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My name is Sara Tolaney.
I'm a breast medical oncologist at the Dana-Farber Cancer Institute.
Today I'm going to be reviewing immunotherapy for the treatment
of breast cancer, with insights from the advanced disease setting.
Immunotherapy has really been
a paradigm shift in the way that we approach treatment for cancer.
It allows us to utilize the patient's own immune system to target
their malignancy and allows for the potential for long duration responses.
It's been generally associated with lower rates of
toxicity than we've previously seen with chemotherapy,
and it allows us to utilize a smart strategy to
overcome the molecular complexity of cancer.
Immunotherapy has been successful in the treatment of both hematologic and solid tumors,
and very recently we've achieved the first FDA approval for
immunotherapy in metastatic triple-negative breast cancer,
with the combination of nab-paclitaxel and atezolizumab.
Development of immunotherapy in breast cancer has been
more challenging than it has been in some other solid tumors.
One reason for this may be that breast cancer is associated with
a lower tumor mutational burden than we've seen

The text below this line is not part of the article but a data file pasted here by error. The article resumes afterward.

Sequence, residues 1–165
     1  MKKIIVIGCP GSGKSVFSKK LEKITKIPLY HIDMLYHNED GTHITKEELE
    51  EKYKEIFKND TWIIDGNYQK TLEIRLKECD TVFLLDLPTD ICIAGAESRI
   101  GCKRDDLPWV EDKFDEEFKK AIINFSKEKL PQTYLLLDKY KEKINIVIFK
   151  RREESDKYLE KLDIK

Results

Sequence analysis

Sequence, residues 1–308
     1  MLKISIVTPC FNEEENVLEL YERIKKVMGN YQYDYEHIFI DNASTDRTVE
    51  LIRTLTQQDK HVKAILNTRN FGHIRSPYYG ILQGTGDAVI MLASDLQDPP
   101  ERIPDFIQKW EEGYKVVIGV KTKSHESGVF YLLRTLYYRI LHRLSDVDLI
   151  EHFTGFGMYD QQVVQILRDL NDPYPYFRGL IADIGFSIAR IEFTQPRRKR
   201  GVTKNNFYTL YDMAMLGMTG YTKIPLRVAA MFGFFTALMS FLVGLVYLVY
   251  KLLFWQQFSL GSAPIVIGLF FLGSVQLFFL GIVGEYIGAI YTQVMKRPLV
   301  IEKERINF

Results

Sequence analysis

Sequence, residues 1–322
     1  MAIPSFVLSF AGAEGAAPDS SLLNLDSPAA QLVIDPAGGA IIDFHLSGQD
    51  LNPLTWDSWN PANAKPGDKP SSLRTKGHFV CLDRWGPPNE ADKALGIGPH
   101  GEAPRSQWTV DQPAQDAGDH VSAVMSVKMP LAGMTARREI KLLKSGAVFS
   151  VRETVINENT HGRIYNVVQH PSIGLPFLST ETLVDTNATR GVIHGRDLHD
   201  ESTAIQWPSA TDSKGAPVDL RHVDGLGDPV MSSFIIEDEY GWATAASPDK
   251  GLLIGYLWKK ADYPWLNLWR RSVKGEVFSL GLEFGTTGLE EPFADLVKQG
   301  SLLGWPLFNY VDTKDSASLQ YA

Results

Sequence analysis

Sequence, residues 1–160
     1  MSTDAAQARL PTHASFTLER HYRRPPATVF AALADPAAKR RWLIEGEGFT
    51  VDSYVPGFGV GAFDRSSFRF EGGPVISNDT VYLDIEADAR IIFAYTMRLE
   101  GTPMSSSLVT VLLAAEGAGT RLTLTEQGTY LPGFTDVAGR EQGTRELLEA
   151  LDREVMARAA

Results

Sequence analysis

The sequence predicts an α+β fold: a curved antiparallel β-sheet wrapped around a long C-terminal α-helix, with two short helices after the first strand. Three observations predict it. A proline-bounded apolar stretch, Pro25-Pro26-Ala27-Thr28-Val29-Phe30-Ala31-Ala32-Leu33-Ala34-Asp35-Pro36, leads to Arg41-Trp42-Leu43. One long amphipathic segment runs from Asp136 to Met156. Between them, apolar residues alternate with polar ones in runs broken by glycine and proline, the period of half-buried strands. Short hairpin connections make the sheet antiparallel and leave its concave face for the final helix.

in cancers where immunotherapy has been quite successful,
such as melanoma and lung cancer.
If you can see here on this chart that both melanoma and
lung cancer are associated with very high tumor mutational burdens.
Whereas breast cancer has been associated with
much lower rates of tumor mutational burden.
This may be why we see
less neoantigen production and less stimulation of the immune system.
Most of the work focusing on immunotherapy in
breast cancer has initially been in the triple-negative setting.
The reasons for this are that triple-negative breast cancer has been
associated with relatively higher mutational load compared to
hormone receptor positive and HER2 positive disease,
is associated with higher levels of
tumor infiltrating lymphocytes, and has higher rates of
PD-L1 positivity compared to the other two sub-types.